Days in Rodanthe

 

A few weeks ago, my clan and I were in the Outer Banks enjoying a family vacation. We were about an hour down the peninsula (or island, or whatever it is) in a little place called Avon. Avon, itself, is probably not all that famous, but just up the road is another small village by the name of Rodanthe.

 

Rodanthe is more recognizable. Nicholas Sparks wrote a book about it that was then made into a movie (Nights in Rodanthe) starring Richard Gere and Diane Lane. I drove through it several times during the vacation. Exciting… I’m no Richard Gere, but I did stay at a Days Inn once (not in Rodanthe, however).

I don’t believe we ever stopped in Rodanthe—just passed through. So, I never noticed the bed and breakfast depicted in the movie (it actually exists). But that building (regardless of its existence or nonexistence) was not the important thing in the flick. No, the important thing was not the building (or the town for that matter). The important thing was not a thing at all. The importance of the story was the people, their lives, and their relationships.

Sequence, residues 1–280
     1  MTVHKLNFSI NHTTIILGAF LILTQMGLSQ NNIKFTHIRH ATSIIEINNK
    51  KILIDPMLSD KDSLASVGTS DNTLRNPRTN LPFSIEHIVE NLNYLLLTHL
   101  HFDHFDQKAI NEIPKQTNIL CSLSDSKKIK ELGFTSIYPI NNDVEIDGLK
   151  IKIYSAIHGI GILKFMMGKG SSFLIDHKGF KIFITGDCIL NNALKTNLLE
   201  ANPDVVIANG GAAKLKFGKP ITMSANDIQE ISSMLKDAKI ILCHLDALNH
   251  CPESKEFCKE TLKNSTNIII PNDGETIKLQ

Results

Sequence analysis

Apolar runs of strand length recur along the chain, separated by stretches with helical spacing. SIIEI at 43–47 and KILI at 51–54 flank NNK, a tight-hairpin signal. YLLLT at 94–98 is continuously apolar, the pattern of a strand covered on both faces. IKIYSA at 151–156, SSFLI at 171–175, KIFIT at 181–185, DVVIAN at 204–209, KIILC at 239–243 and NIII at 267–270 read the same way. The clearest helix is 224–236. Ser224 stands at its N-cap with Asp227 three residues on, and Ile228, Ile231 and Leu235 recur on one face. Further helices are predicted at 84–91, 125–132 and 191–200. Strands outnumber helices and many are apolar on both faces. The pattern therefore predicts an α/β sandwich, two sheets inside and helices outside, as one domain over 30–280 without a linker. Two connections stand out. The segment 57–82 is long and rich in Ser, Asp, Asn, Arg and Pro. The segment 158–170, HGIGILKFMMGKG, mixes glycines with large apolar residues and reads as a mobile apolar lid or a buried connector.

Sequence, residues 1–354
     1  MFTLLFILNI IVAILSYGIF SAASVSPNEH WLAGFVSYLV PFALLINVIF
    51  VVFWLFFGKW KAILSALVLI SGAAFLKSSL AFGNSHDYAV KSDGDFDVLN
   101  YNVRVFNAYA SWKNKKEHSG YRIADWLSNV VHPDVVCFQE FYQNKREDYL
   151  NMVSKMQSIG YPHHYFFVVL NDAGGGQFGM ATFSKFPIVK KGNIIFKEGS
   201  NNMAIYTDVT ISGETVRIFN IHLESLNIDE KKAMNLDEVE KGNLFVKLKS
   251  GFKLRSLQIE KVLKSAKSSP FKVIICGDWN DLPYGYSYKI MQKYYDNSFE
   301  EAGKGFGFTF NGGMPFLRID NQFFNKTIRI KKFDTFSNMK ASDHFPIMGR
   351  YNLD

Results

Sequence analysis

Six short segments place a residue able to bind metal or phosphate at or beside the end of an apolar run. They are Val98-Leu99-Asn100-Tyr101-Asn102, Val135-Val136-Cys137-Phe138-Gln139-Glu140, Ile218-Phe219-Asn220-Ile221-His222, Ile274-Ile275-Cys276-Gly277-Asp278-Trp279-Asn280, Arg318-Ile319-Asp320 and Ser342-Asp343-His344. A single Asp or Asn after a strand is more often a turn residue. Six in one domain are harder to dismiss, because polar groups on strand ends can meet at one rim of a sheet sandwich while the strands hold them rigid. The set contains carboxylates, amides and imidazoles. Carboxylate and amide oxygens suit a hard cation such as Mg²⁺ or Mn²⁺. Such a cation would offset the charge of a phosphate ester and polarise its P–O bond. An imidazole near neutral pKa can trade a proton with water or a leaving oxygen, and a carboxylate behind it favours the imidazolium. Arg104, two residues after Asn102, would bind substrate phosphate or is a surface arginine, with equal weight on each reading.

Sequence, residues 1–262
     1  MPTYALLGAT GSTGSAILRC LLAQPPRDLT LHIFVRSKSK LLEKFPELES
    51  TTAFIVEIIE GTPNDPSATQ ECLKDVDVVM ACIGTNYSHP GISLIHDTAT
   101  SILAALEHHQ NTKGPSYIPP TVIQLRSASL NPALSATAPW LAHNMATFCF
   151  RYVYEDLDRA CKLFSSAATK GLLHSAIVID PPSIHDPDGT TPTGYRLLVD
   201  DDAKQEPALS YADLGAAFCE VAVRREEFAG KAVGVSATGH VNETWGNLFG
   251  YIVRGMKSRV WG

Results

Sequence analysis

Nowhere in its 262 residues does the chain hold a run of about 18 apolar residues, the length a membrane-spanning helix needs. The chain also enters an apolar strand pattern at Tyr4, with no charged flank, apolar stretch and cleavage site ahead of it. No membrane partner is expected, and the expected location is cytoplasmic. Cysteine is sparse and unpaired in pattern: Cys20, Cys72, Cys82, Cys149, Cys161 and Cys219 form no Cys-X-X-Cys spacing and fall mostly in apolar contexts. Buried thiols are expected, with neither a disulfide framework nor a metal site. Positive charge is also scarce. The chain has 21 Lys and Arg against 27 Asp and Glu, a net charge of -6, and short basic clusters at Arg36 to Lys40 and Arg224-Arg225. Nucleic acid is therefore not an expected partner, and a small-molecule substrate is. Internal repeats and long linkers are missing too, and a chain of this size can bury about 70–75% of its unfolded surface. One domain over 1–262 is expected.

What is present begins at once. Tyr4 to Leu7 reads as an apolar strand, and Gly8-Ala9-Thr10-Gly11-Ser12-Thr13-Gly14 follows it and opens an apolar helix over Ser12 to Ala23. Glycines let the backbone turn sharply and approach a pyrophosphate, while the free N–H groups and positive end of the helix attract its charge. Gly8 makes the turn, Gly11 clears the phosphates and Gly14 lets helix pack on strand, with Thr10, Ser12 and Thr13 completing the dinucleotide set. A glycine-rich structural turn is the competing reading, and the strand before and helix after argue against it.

Collateral Damage

That’s not at all unusual—nor should it be. When people are pushed onto the back burner because of things (regardless of what those things are) lives get twisted. As I look around, I regrettably see a lot of twisted lives with a lot of collateral damage.

We sort of expect to see that in our society these days. The priorities of many people get placed on accumulating wealth, possessions, vacations, and the

 

satisfaction of lots of human desires. All this, to a great extent, pushes other people into the recesses of their lives and often leaves those folks in the dust.

The real problem for us as Christians is that it’s not only prevalent in society, it’s common in the church as well. Some of us attend (and even join) various congregations merely to make connections—connections that benefit us personally. The church just becomes another piece in our network puzzle. Networking, of course, is the name of the game. The larger, the better, the more elite your network is, the better off you’ll be.

“Jesus believes in networking…”

As I read Scripture, it appears Jesus believes in networking as well. There is one, major difference in his networking, however. Jesus’ network was formed to give him the greatest impact going outward. It was not to see how many followers he could get. It was formed to reach the maximum number of people for their benefit—not his. Somewhere along the way we’ve largely lost that concept. We’ve turned it around and turned it inwardly.

Passing through Rodanthe reminded of the movie, the bed and breakfast, and the story behind it. It also reminded me that there are real people living there—real people whose lives are much more important than the fame surrounding their little burg. I doubt they think very often of the film. They’ve got lives to live.

[Dave Zuchelli is a graduate of Pittsburgh Theological Seminary and currently the pastor of Smith Chapel in Great Falls, VA.]

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